After months of organizers fighting for access, people with disabilities will become eligible to receive COVID-19 vaccines starting next Monday.
The state announced Friday that anyone over the age of 16 living with a disability can get a vaccine in the next phase, starting March 22.
“This was relieving. We are grateful that the state made this decision,” says Dessa Cosma, executive director of Detroit Disability Power. It's one of the groups that’s been calling on state and local leaders to expand vaccine access to the disability community.
“And it took a lot of organizing from dozens of disability rights and justice organizations and thousands of Michigan residents,” Cosma says. “And so we are thankful to everyone who had a part in making this happen.”
The effort already paid off in the city of Detroit and in Macomb County. Detroit started offering vaccines to people with disabilities more than a month ago. Macomb County started today.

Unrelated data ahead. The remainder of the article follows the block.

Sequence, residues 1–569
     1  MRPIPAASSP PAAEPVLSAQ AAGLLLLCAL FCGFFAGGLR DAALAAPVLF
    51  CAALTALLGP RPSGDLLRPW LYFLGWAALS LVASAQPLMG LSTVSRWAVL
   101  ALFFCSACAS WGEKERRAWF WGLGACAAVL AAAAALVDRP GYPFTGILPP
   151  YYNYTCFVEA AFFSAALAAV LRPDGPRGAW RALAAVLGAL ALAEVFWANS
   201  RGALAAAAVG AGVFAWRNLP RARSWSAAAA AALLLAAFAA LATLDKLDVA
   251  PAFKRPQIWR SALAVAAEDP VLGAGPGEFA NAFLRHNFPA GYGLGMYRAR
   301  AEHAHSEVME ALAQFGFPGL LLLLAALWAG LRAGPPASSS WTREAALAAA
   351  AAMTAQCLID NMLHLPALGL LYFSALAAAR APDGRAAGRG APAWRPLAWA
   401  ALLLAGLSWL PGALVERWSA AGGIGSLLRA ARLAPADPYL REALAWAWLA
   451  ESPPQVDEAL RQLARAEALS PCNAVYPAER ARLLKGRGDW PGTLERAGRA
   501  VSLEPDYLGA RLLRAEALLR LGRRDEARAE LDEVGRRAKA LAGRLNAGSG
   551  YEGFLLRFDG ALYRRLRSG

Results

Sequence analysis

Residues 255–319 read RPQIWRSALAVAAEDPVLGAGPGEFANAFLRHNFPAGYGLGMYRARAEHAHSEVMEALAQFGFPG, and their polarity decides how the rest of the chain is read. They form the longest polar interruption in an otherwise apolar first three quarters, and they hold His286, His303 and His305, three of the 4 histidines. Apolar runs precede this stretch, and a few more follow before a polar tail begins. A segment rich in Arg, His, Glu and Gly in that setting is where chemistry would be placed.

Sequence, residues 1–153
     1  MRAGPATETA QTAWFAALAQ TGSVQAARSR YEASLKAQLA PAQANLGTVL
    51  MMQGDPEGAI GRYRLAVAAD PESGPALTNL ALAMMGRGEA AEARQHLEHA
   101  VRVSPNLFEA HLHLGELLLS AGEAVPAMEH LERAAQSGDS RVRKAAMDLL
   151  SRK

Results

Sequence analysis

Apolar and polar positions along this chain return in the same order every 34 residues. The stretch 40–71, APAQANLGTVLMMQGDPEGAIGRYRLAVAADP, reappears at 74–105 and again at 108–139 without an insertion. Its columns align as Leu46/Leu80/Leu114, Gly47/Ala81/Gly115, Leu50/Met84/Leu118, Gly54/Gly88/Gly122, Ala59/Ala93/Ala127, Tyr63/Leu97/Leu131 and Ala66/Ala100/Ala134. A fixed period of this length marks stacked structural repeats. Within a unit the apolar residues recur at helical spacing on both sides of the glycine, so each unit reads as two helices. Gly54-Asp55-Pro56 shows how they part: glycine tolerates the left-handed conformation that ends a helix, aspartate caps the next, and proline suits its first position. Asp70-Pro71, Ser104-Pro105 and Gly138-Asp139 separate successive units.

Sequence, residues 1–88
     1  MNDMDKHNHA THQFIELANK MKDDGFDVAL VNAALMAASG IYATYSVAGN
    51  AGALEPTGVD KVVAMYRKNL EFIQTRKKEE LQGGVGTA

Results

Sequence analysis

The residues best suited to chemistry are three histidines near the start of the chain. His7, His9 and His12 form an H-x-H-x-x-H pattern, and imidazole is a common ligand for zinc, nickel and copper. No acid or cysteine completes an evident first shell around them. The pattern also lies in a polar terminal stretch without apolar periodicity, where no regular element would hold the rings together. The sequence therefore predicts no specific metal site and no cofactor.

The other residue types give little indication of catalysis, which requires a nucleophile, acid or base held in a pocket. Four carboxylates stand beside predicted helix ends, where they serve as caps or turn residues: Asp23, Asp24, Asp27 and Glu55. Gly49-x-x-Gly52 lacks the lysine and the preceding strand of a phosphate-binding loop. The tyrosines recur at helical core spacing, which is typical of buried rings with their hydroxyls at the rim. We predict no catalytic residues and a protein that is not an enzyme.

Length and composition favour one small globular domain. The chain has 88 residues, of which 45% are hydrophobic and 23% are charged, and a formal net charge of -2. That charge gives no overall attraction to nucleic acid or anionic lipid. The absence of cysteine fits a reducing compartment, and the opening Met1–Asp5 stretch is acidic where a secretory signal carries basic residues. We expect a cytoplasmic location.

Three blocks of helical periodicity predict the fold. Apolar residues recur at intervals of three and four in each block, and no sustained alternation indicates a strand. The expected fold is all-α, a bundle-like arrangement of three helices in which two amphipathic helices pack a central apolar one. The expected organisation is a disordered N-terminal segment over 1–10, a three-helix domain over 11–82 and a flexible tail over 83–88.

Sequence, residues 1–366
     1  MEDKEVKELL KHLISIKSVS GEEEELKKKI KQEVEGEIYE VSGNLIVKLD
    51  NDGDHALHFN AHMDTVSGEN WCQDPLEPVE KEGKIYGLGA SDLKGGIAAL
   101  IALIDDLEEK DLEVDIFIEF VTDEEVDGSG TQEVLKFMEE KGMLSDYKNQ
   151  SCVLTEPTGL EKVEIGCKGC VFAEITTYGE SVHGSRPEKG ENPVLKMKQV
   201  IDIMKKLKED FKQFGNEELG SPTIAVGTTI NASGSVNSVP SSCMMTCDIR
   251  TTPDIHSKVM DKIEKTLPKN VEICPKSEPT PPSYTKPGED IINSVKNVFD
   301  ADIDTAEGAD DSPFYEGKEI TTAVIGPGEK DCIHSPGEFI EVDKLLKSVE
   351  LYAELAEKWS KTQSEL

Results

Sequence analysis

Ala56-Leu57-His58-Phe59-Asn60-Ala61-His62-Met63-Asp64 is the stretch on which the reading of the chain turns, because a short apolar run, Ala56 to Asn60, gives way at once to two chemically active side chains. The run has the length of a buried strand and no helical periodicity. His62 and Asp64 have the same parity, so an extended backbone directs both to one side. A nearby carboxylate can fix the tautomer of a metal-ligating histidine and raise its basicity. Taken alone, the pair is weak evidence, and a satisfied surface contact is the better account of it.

And while Cosma says it was welcome news for the eligibility to expand statewide on March 22nd, she still wants the state to do more to track the impact of the virus on the disabled community.
“We still don’t have a clear picture of how many people with disabilities contracted or were lost to COVID,” Cosma says. “And that’s because the state has not been adequately tracking our population.”
A spokesperson for the Michigan Department of Health and Human Services says the state has identified 3,950 people with disabilities in Michigan who contracted COVID. The state has not identified how many people with disabilities died as a result of the virus, but there are efforts underway for the state to get an estimate.
The state is also not tracking the vaccine rollout based on disability status, says MDHHS spokesperson Lynn Sutfin.
Cosma points to the city of Detroit, which lists how many people with disabilities have received the vaccine. As of Monday, Detroit reported on its dashboard that 978 people with disabilities have gotten the vaccine.